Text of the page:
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7 Tips for Securing TV Coverage of Your Travel Destination

When you turn on the TV do you notice how much content – from news to lifestyle programming – has changed in the last 10-15 years? Or did I already lose you at “turn on the TV?”

In the past decade, the type of content being featured on television has morphed because viewership patterns have evolved. Live television has ramped up its game to compete with all the other ways consumers now spend their “free” time. Unlike my father’s generation, which sat down each night to catch the 6:00 p.m. or 7:00 p.m. news, consumers are inundated these days with methods to gather information. It’s easy to think the nightly news may quickly become a thing of the past.

The good news is that with today’s 24-hour news cycle, television programs constantly need new angles, as well as fresh faces to help put stories into context. The bad news is, many travel destinations are inundating producers with pitches, and most of these pitches will be overlooked because the pitch misses the mark.

TV producers are working to keep themselves relevant by producing content for various channels – on-air, on websites and in social media – and as long as they focus on the basics of relevant, solid, reporting, they have a chance of standing the test of time. In this world of on-demand news and media, destination PR professionals have to understand the best ways to get a producer’s attention when pitching a segment.

Here are a few tips to help you secure those necessary minutes of TV time for your destination.

Know What Will Interest Your Intended Audience

Though it should be obvious, you must come with an interesting story. Think about the idea you want to pitch and consider why it is important, why people should care about it, and how is it impacting consumers. Pitching a story that is interesting and relevant to your target audience – and the TV program’s target audience – ensures a much higher rate of success.

Know the Outlet You are Pitching

Having an understanding of how the outlet you are pitching typically works will also give you good insight on the best ideas and ways to pitch them. Consider if they will interview your person in studio or on the air? What destinations or types of events do they typically feature? Do they shoot on location? Will they visit your destination then do a segment after they return? Knowing the answers to these questions will help you decide on the right angle to pitch.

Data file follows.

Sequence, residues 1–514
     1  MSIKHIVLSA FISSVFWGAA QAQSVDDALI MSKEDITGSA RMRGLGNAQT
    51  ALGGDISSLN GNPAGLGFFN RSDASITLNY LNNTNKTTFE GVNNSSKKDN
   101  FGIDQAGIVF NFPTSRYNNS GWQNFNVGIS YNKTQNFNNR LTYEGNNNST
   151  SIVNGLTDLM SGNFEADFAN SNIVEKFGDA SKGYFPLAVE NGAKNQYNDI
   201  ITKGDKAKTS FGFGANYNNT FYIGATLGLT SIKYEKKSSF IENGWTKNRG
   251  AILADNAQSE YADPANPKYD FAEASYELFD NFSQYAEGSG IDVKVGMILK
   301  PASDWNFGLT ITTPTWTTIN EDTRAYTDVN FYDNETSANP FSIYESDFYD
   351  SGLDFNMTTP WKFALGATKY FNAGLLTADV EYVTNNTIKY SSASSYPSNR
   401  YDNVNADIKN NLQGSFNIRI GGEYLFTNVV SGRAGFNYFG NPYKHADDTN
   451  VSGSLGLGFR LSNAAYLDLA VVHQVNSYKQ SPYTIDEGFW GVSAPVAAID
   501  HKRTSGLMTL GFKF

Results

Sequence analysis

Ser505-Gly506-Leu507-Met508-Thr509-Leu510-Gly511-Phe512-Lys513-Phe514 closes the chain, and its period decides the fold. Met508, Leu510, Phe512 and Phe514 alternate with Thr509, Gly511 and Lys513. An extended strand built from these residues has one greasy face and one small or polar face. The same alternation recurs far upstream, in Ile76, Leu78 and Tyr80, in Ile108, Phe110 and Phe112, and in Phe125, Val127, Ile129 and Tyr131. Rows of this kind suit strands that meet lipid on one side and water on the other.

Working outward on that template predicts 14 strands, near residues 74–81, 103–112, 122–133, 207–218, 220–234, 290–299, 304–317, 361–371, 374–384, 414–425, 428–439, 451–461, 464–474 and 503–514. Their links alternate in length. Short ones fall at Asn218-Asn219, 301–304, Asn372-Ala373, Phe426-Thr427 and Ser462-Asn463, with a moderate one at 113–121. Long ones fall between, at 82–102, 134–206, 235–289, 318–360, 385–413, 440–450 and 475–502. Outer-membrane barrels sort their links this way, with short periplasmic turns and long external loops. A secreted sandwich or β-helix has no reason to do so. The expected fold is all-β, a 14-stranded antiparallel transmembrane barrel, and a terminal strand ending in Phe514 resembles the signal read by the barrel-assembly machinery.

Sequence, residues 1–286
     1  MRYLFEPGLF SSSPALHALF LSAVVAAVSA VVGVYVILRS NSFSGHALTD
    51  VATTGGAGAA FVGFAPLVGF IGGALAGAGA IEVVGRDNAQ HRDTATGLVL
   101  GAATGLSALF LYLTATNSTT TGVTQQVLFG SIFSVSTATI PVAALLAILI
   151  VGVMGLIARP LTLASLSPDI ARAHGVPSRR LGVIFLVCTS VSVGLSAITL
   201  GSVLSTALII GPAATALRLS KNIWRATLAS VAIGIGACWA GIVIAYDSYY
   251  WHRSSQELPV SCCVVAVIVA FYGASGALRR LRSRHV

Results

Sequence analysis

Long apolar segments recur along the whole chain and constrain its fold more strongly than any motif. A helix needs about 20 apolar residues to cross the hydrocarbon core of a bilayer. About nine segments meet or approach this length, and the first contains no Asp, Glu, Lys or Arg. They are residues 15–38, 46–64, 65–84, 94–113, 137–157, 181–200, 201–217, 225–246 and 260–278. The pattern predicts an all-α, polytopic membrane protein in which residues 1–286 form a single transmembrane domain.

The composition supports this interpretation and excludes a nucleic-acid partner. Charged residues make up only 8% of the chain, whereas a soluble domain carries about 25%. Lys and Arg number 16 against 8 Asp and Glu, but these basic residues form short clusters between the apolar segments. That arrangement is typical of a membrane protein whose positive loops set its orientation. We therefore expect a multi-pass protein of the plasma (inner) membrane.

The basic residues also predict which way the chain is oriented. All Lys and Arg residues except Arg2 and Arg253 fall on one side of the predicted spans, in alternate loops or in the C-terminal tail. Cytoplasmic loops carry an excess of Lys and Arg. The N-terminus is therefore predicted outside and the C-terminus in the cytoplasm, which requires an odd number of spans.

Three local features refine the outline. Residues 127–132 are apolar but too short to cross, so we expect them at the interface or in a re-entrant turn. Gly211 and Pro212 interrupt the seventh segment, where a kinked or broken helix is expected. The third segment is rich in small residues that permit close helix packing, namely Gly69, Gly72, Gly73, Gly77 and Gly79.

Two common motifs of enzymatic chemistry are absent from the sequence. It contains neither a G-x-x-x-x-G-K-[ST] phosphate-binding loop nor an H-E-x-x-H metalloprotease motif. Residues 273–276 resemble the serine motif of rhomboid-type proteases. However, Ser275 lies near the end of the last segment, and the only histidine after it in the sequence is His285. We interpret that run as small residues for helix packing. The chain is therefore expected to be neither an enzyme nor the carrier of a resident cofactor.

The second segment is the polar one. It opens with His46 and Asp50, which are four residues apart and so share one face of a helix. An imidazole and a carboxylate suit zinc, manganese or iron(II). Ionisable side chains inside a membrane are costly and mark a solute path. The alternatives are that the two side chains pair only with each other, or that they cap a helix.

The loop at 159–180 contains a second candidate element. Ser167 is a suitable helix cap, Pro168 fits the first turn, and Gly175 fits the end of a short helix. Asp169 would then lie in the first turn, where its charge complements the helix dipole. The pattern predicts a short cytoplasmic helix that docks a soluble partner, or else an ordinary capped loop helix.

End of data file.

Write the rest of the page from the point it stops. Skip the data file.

Know the Type of Segment You Want to Land

Framing the pitch with a good idea of what kind of segment you want to land is also important. If you want an in-studio segment, you will need a spokesperson to travel to the studio and appear on set. And let’s face it – if they look good on camera, you’re more likely to be welcomed on set. If you are looking for an on-location segment, a reporter will have to travel to the destination or event to cover the story. If you are trying to secure a call-in segment, a spokesperson will need to be articulate on the phone, as well as available to call into the broadcast show and provide an interview.

Know Your Look and Feel

Your pitch needs to include information on what the segment will look or sound like. Use creativity to your advantage here! Include a bio of the spokesperson and a recent broadcast clip to show that they have experience in front of the camera. Include b-roll and photos when applicable. Give the producer a clear idea of what you want your segment to look like. Plus, if you have a solid pitch with these aspects already included, it requires less work on the production end to get it ready for air.

Know the Best Time to Pitch

Knowing when producers are most likely to answer your phone call or email is crucial to a strong segment pitch, but you must also pay attention to the current news cycle. Send your pitch out at least a week in advance, call the news desk, and call the producer.

The ideal time to pitch morning producers is typically right after the morning news ends, between 10 a.m. and 2 p.m. To get a hold of an evening producer, you should pitch in the afternoon before 4 p.m. If you are trying to secure coverage of an event, always call again the morning of the event to see if they can slot your event – schedules often change quickly, even overnight. Make sure your pitch doesn’t get lost in the hundreds of emails producers receive each day. However, if there is current breaking news or a major local or national story coming out, your pitch is likely to get lost in the shuffle. Hold your fire and wait for a more opportune time to pitch.

Know What to Expect

Manage expectations of your destination organization’s CEO and tourism industry partners, especially if you’re targeting national morning shows. While Good Morning America producers may cover your story, they may also connect you with their advertising team to discuss a paid package that will include a branded segment. If a paid partnership fits within your budget, be flexible. If you’re working with more regional programs, integrate trip or ticket giveaways for viewers into the segment. Audience engagement tactics not only boost viewership, they provide a practical way for consumers to engage with your destination brand as well.

Want to learn more about how to secure travel coverage for your destination? You can read more about what makes great TV in our case study for Huntington Beach.

Written By

Kayla Leska

Kayla is Managing Director of DCI's Tourism Public Relations Division. She oversees communications strategy for DCI’s tourism clients and directs the firm’s tourism crisis and recovery communication efforts. Kayla leads publicity teams in the U.S. and Canada. She earned her BA in Public Relations at SUNY Oswego.

More Articles by Kayla Leska

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